UN concern about violence against peacekeepers

Some of the course participants interacting.

Some of the course participants interacting.

The United Nations (UN) is concerned about violence against its peacekeepers around the world, saying such acts are on the increase.

According to the Ghana Country Director of the global body, Gita Welch, 62 out of 134 fatalities suffered by peacekeepers last year were due to violent actions.

“This is the highest number of peacekeeping fatalities through violent activities in over two decades,” Ms. Welch disclosed at the opening session of a 10-day workshop on Preventing Terrorism in Peacekeeping Theatres’ Course.

Quoting the UN Secretary-General, Antonio Guterres at the wreath-laying ceremony in honour of the fallen UN peacekeepers, she noted that “unfortunately, the UN flag no longer offers protection to peacekeepers and defining activity of multilateralism is more dangerous for the brave men and women who serve as peace keepers.”

She added that the UN had been looking into the reasons behind the increasing risks; Madam Welch said the global body had launched a campaign to reverse the trend.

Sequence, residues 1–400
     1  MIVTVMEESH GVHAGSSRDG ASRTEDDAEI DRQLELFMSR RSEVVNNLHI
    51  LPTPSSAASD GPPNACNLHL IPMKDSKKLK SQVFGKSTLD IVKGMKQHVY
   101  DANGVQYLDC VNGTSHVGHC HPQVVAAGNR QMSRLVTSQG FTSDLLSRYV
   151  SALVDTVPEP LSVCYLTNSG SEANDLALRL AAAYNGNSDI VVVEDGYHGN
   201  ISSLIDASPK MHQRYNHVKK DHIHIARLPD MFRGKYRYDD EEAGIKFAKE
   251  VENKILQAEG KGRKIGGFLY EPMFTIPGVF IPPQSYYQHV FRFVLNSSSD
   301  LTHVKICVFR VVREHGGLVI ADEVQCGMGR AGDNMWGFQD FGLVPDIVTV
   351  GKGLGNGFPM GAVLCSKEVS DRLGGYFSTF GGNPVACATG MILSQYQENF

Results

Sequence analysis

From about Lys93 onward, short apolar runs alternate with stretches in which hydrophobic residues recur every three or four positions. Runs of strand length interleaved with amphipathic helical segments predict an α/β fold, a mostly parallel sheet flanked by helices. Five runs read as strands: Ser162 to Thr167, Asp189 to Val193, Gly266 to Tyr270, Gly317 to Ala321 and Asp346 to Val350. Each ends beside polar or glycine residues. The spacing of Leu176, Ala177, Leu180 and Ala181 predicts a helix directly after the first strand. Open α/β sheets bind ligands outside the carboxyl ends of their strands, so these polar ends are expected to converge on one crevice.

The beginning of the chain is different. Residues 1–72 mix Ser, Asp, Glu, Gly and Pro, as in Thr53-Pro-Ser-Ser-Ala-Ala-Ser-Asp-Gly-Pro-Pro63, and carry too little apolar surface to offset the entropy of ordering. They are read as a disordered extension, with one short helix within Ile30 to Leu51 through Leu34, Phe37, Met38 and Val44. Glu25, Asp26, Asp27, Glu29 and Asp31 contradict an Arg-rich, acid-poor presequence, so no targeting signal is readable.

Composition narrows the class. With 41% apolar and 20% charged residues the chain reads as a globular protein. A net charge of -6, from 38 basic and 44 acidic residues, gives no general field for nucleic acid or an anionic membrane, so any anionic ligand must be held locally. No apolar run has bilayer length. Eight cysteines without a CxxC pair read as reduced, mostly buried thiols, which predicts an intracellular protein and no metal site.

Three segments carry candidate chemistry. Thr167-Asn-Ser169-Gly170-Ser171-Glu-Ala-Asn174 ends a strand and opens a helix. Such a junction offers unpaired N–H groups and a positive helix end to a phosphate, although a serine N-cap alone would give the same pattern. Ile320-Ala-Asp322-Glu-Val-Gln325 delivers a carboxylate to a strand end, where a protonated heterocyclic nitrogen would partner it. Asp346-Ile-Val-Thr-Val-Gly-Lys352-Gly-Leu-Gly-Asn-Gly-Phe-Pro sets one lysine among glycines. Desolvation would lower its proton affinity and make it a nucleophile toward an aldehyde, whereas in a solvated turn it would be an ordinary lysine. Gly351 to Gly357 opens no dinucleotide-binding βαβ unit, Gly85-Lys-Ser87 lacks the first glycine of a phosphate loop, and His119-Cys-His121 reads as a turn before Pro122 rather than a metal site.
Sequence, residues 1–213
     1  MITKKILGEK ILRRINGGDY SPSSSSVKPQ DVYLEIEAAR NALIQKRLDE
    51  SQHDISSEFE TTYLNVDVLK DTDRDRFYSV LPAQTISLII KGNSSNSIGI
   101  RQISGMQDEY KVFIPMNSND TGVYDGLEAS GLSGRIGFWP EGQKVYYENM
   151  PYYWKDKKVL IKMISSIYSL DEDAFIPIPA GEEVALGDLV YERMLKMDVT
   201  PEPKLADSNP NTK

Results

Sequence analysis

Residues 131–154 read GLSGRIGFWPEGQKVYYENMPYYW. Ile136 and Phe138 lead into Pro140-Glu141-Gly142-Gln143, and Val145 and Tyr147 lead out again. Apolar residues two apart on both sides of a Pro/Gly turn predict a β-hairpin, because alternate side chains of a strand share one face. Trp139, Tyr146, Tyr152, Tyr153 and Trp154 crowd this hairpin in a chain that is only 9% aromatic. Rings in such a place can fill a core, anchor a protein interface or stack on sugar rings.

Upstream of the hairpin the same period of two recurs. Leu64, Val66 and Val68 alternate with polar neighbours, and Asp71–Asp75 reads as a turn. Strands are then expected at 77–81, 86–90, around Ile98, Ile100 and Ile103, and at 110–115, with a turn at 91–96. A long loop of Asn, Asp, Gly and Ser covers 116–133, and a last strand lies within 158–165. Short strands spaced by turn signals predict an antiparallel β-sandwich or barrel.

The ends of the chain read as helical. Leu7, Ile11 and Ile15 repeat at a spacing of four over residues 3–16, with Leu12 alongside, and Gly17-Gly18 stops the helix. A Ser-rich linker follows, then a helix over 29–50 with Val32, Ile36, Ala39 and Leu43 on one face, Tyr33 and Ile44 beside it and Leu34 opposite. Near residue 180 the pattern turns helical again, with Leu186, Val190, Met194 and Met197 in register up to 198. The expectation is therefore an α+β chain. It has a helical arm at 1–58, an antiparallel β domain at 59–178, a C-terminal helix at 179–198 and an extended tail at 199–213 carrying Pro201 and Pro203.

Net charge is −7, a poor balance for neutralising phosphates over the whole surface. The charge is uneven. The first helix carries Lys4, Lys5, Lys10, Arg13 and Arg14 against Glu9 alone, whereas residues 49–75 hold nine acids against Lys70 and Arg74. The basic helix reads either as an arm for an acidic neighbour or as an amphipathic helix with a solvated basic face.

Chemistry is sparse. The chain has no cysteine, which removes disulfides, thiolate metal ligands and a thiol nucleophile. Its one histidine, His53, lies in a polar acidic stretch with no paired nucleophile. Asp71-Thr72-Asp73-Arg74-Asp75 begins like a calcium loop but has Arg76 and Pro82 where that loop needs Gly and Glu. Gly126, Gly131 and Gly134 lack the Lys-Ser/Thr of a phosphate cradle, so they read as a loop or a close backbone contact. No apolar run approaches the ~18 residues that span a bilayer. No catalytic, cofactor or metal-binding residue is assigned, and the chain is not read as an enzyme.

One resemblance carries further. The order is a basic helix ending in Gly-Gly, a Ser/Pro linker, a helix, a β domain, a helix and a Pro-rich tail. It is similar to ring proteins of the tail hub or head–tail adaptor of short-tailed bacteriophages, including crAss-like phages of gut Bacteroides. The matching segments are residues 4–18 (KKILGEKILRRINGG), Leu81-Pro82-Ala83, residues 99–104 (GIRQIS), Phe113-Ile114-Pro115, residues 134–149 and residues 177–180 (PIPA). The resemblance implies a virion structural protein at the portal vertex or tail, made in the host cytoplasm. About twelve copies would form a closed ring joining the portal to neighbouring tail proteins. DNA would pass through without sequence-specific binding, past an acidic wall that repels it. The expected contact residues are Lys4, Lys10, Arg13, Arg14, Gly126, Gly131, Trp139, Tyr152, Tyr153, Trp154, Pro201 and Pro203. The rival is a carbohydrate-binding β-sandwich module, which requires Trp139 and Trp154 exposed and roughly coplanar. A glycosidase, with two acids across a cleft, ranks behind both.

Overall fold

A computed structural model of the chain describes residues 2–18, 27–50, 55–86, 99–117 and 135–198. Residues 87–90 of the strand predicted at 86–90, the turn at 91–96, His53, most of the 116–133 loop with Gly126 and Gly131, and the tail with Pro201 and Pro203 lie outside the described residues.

The campaign called “Action for Peace” would target measures on improving the performance of missions, flexibility to adapt to the different threat environments, improving training and equipment, and enhancing leadership.

The two areas of the campaign, Madam Welch explained revolves around operational behaviour and mindset and capacity building and readiness of its peacekeepers.

The Deputy Commandant of the KAIPTC, Brigadier General Irvine Nii Ayitey Aryeetey, said the changing nature of conflicts today and the mutating threat of terrorism were increasingly exposing peacekeepers to danger, necessitating the need for a critical rethinking of training contents used for peacekeepers.

In Mali for instance, he said research had identified increasing peacekeeping casualties which were related to weak capacity in search detection of mine and improvised explosive device, limited knowledge about the country context and weak intelligence as some key areas that need significant improvements for peacekeepers.

These together with logistical challenges, he noted had resulted in disastrous consequences on the ground from most African peacekeepers.

“Between 2013 and 2018” he said “the casualties level among African troops has been described as high compared to non-African countries, raising concerns for training institutions and multilateral and bilateral development partners” to act.

He urged the 32 participants drawn from eight West Africa countries to open, observant and ask probing questions as the course have been developed based on empirical research findings from the field and offers a rich context about preventing terrorism in peacekeeping theaters.

BY JULIUS YAO PETETSI & DAVID TAKYI  

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